The Disappearing of Tuvalu—Trouble In Paradise

from Multimedia Library Collection:
Environmental Film Profiles (videos)

Horner, Christopher, and Gilliane Le Gallic. The Disappearing of Tuvalu—Trouble In Paradise. Watertown: Documentary Educational Resources, Inc., 2004. 35 mm, 55 min.

This film about the South Pacific country of Tuvalu documents the earth’s first sovereign nation faced with total destruction due to the effects of global warming. With a population of about 11,000 living on a total landmass of only 20 square miles spread over nine low-lying atolls 600 miles to the north of Fiji, Tuvalu has been inhabited for over four millennia. The warm-spirited and highly community-oriented people of this ex-British colony struggle to survive economically while confronting the likelihood of having to evacuate their homeland en masse within the next 50 years. As the industrial world just begins to address the threat and causes of global warming, rising seas and increasingly violent changes in climate have already left their marks on this poor island nation. The government of Tuvalu and other concerned organizations are directing their pleas for solutions to the wealthy countries whose high pollution emissions could be the central human contribution to this phenomenon. Observation, narration, and interviews with Tuvalu citizens from various walks of life flesh out a full portrait of a unique community confronting a dubious future on the front lines of a global environmental assault. (Source: Documentary Educational Resources, Inc.)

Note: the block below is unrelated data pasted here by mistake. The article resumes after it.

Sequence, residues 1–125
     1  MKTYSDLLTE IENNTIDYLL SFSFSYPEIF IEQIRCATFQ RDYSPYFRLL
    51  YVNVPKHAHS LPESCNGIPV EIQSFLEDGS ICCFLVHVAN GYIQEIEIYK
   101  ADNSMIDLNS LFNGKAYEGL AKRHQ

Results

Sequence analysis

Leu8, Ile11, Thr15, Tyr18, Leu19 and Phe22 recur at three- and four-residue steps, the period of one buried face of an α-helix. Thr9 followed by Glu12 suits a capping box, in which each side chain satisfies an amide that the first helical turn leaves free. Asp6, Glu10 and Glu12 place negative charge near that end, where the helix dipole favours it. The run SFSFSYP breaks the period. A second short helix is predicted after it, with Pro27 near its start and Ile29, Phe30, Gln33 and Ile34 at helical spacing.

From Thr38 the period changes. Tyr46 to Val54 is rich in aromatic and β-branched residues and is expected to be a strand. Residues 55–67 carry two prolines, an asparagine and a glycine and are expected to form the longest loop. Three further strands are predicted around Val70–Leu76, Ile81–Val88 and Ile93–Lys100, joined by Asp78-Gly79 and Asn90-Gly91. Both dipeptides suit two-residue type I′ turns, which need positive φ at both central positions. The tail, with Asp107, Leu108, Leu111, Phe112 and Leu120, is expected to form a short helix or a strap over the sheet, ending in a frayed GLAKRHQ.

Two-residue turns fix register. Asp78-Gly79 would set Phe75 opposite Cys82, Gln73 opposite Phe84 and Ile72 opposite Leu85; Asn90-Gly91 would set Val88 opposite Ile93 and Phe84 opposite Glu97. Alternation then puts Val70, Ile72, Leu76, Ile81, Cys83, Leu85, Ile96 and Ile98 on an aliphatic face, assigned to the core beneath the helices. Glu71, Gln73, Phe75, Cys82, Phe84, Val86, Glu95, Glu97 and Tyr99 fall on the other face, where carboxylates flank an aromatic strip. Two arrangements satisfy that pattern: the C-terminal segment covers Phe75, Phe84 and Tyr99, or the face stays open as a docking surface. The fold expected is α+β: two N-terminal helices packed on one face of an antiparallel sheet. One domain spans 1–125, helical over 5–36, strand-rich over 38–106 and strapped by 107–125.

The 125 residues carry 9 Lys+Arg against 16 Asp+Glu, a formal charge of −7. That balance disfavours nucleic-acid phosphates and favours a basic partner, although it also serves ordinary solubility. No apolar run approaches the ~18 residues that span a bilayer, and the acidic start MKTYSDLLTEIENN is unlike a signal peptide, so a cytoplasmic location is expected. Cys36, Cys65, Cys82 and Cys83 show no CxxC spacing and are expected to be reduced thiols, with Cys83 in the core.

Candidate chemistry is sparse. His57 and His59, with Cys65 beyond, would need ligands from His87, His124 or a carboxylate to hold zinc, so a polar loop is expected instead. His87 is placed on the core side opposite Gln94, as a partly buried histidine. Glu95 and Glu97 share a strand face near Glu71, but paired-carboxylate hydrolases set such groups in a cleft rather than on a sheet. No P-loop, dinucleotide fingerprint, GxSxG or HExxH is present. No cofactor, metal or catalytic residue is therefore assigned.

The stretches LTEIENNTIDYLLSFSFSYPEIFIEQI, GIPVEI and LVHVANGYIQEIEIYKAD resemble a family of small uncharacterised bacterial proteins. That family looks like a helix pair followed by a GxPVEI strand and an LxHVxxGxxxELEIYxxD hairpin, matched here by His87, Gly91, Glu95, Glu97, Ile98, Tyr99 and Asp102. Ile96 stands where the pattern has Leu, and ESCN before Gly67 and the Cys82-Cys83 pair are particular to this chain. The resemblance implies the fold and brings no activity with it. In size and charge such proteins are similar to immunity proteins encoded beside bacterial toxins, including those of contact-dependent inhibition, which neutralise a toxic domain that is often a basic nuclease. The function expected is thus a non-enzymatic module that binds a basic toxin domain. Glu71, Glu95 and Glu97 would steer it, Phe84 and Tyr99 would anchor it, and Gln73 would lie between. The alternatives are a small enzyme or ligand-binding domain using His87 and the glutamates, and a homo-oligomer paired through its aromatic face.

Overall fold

©2004 Documentary Educational Resources, Inc. Trailer used with permission.

This film is available at the Rachel Carson Center Library (RCC, 4th floor, Leopoldstrasse 11a, 80802 Munich) for on-site viewing only. For more information, please contact

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